In terms of motor skills and physical ability, skills to observe include can your child isolate fingers (e.g. to point)? Can they pick up and manipulate small items? Can they hold a pencil in an appropriate grip? Can they kick a ball? Can they throw and catch a ball with a partner? Can they jump? Can they sit onto a chair without missing it? Can they pull themselves and the chair into the correct position at a desk? Can they gauge how much force they need to push open a door or close it? Can they manage changes in the environment independently (e.g. go up and down stairs, obstacles, uneven ground etc.) Many of those skills are developed during play and a great place for families to develop these skills is in the playground and outdoors.
In terms of orientation skills, can they move about confidently at preschool? Can they move with a line of children at routine times and can they queue? Understand the need for safety e.g. roads, heights etc. is important as is having an understanding of spatial concepts e.g. up/down, next to, left/right.

To conclude, starting formal primary school education can be a stressful time for children. They face many new challenges such as being expected to be independent and act responsibly. They must interact with teachers, meet certain academic achievements, and face large class sizes. Children who do not make effective transitions to formal education may be less successful in school. Each dimension of school readiness can have consequences for a child’s social, physical and educational outcomes. Successful transition and adjustment to school life is critical for a child’s future success. To ease this transition a child needs to arrive equipped with the necessary skills for school.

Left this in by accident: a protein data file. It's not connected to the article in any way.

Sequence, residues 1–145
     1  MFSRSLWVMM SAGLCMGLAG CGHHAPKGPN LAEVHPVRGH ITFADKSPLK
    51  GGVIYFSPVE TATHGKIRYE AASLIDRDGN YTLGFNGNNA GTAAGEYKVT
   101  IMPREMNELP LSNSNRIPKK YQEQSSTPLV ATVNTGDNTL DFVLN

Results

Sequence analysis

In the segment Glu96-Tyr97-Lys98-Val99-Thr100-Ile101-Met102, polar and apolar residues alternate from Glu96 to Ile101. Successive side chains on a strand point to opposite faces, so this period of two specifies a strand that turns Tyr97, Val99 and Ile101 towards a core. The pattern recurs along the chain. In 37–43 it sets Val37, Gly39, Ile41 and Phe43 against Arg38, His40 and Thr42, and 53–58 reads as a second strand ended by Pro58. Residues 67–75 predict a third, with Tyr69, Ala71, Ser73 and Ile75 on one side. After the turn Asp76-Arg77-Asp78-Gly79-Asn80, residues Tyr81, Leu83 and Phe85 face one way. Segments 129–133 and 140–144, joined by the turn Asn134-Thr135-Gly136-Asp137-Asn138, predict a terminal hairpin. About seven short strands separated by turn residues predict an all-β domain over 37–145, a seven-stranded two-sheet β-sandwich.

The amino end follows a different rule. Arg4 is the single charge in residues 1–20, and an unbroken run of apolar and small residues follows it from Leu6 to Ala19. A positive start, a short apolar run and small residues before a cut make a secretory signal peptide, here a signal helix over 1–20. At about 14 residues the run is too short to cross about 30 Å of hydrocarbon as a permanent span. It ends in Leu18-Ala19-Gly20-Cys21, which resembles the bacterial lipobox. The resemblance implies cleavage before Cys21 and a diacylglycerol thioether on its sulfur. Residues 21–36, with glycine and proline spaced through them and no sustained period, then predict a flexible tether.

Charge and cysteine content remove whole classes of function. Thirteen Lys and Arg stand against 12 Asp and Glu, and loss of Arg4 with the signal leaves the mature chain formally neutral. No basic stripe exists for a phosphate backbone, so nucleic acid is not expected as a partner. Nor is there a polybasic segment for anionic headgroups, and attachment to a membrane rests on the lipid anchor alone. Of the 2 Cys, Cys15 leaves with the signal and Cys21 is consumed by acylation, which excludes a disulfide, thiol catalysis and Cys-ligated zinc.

If you have concerns for your child’s development or questions about his / her school readiness, seek professional advice from your child’s preschool or your family GP or a paediatric occupational therapist or a speech and language therapist or a child psychologist. School readiness is important!

Remember, have fun with your child developing the skills necessary for starting school.

Copyright Sensational Kids CLG 2018